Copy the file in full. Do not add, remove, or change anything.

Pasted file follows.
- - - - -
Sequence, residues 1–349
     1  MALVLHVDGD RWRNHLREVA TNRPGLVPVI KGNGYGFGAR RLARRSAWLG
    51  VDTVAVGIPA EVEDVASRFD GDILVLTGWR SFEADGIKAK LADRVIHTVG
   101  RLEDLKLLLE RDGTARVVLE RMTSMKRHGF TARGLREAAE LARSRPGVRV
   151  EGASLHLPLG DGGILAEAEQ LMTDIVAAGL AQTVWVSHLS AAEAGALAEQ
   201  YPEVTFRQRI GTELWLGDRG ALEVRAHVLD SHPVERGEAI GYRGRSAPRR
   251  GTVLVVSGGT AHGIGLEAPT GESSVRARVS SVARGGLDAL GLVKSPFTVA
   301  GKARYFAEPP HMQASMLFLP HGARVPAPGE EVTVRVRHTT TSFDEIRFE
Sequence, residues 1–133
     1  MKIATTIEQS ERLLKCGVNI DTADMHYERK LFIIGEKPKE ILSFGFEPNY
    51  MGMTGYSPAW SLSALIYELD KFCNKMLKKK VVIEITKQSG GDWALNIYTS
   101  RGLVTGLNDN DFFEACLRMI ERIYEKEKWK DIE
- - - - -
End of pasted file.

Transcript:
Sequence, residues 1–349
     1  MALVLHVDGD RWRNHLREVA TNRPGLVPVI KGNGYGFGAR RLARRSAWLG
    51  VDTVAVGIPA EVEDVASRFD GDILVLTGWR SFEADGIKAK LADRVIHTVG
   101  RLEDLKLLLE RDGTARVVLE RMTSMKRHGF TARGLREAAE LARSRPGVRV
   151  EGASLHLPLG DGGILAEAEQ LMTDIVAAGL AQTVWVSHLS AAEAGALAEQ
   201  YPEVTFRQRI GTELWLGDRG ALEVRAHVLD SHPVERGEAI GYRGRSAPRR
   251  GTVLVVSGGT AHGIGLEAPT GESSVRARVS SVARGGLDAL GLVKSPFTVA
   301  GKARYFAEPP HMQASMLFLP HGARVPAPGE EVTVRVRHTT TSFDEIRFE
Sequence, residues 1–133
     1  MKIATTIEQS ERLLKCGVNI DTADMHYERK LFIIGEKPKE ILSFGFEPNY
    51  MGMTGYSPAW SLSALIYELD KFCNKMLKKK VVIEITKQSG GDWALNIYTS
   101  RGLVTGLNDN DFFEACLRMI ERIYEKEKWK DIE